Walk Talk Series
Day 25 – Aerobic Fitness Zone and Calcium
Take an Inventory
After your walk today, take an inventory. Feet – is it easier to walk now? Do you need new shoes? Legs – Toning up, feeling stronger, shins stopped complaining? Torso – are the abdominal and upper body exercises toning you up? Are you able to take in your belt a notch? Head – energized? Empowered?
At 70-80% of your maximum heart rate, 50% of your calories burned in this zone are fats, 1% are proteins and 50% are carbohydrates. This intensity zone builds blood vessels, increases vital capacity, respiratory rate, pulmonary ventilation and arterial venous oxygen. The aerobic phase of your workout should be less than 50 min. to prevent build-up of lactic acid. Always warm up and cool down at an easy pace.
- 25-50 minute walk, getting up into the aerobic fitness zone
- Warm up 10 min. at an easy pace Increase your pace until you are at 70-80% of your maximum heart rate
- Sustain that for 5 minutes
- At this heart rate, you are breathing hard and can speak only in short sentences
- Finish your walk at a moderate pace with 5 minutes of cool down at a very easy pace.
Advanced walkers: Same
Exercise: Total Body Exercise
This basic upper body workout includes exercises for the chest, back, shoulders and arms. Beginners: Perform 1 sets of 12 to 16 repetitions using light/med weight Int/Adv: Perform 1-3 sets of 10-14 reps using enough weight that you can ONLY complete the desired number of reps Rest at least 48 hours between your exercise sessions to allow your muscles to recover Warm up for at least 5 to 10 minutes before starting your weight training workout See your doctor if you have any medical conditions and modify the exercises as needed to fit your fitness level.
Calcium is not just for kids! We all know that babies and children need calcium for strong, healthy bones and teeth. But did you know that our need for calcium begins at birth, and continues throughout our entire lives? Unfortunately most Americans do not get the recommended amount of calcium from their daily diets.
The best way to achieve the proper daily amount of calcium is through your diet. All dairy products including milk (non-fat dry, low-fat, skim, or whole), yogurt, cheeses, and tofu. Other calcium-rich foods include seafood such as salmon, sardines (an excellent source with 370 mg of calcium in 3 ounces), and shrimp, as well as a number of plant sources.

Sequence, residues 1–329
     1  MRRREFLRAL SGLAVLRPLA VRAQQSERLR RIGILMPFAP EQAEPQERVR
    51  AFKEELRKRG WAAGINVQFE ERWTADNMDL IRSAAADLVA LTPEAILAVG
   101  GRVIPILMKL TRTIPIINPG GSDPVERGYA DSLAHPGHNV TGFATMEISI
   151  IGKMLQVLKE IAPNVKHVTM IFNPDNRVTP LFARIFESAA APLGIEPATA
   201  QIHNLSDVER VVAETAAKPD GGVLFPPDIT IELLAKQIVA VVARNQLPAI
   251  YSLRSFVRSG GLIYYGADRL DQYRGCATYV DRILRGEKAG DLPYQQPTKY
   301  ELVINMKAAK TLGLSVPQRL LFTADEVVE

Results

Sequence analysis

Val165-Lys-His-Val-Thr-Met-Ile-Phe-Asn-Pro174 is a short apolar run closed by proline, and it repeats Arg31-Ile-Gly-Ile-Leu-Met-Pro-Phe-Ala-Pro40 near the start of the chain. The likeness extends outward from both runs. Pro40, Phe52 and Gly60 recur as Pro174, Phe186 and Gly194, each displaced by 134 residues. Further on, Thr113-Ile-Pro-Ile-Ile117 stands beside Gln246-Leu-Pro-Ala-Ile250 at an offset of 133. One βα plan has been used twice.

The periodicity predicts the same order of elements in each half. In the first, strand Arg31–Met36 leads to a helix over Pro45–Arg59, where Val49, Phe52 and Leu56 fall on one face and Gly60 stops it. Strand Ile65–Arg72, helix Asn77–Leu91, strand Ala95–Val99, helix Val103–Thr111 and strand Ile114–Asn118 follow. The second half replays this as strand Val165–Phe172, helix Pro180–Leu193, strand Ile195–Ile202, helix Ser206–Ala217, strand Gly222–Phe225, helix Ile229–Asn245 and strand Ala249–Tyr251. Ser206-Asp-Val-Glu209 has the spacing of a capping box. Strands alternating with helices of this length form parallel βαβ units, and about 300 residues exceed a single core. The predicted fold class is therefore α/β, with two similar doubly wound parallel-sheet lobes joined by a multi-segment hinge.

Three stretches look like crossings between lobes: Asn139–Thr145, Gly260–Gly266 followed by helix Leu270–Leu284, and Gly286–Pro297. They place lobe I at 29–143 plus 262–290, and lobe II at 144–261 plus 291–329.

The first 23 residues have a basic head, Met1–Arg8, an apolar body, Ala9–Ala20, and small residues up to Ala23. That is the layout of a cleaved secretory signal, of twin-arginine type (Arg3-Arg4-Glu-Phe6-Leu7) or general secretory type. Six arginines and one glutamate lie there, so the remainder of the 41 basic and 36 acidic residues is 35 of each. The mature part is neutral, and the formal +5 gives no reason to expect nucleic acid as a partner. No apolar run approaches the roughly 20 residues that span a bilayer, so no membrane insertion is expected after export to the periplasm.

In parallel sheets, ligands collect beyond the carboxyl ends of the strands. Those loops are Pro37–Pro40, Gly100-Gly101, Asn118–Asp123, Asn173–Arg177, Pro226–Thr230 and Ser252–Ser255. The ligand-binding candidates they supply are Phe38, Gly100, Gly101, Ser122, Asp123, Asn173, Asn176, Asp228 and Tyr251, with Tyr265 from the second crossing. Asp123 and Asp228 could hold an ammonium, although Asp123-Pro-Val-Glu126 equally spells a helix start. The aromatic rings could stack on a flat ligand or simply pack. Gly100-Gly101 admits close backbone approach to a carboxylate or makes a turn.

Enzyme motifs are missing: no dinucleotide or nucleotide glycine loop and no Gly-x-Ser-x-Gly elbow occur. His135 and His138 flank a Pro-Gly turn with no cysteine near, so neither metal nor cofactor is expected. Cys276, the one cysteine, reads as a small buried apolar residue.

Do you suffer from the symptoms of premenstrual syndrome (PMS)? Research has proven that you can reduce up to almost 50% of all symptoms (including mood swings, depression, and menstrual cramps) of PMS by simply consuming 1200 mg of calcium daily.
Calcium is an important nutrient for women and men of all ages for the prevention of osteoporosis in later life. However, older adults may need to take extra amounts of calcium because some older adults do not absorb calcium as well as younger people. Talk with your clinician if you have questions regarding the daily amount of calcium that you should be taking.
The recommended intake for calcium is 1000 mg for men and women under 50, 1500 for women who are post-menopausal and men over 65. Getting enough calcium (and walking) helps prevent osteoporosis and fractures.
When using calcium supplements it’s important to remember that magnesium (500 mg to 750 mg daily) is essential to help with the absorption of calcium so that you will achieve the maximum benefit of your calcium supplementation. You should also know that taking more than 500 mg of calcium at one time is not recommended because your body will not absorb over that amount at any one time; if you are taking calcium supplements over 500 mg daily, you need to spread it out during the day.
Calcium and Drug Interactions
Certain medications or dietary supplement may interact with calcium supplements. Inform your clinician so that precautions may be taken or doses changed. When taking calcium without a prescription. Always read the label, and carefully follow any precautions noted